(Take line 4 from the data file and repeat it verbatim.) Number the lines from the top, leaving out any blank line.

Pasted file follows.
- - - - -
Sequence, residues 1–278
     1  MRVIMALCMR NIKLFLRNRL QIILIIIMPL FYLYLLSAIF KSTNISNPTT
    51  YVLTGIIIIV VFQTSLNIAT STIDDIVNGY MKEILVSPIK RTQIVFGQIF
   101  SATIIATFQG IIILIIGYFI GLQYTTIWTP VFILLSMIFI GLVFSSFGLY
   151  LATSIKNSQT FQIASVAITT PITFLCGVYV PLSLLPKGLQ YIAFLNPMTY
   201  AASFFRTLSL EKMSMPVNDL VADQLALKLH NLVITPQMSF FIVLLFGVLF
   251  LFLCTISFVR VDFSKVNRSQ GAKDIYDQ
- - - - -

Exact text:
   101  SATIIATFQG IIILIIGYFI GLQYTTIWTP VFILLSMIFI GLVFSSFGLY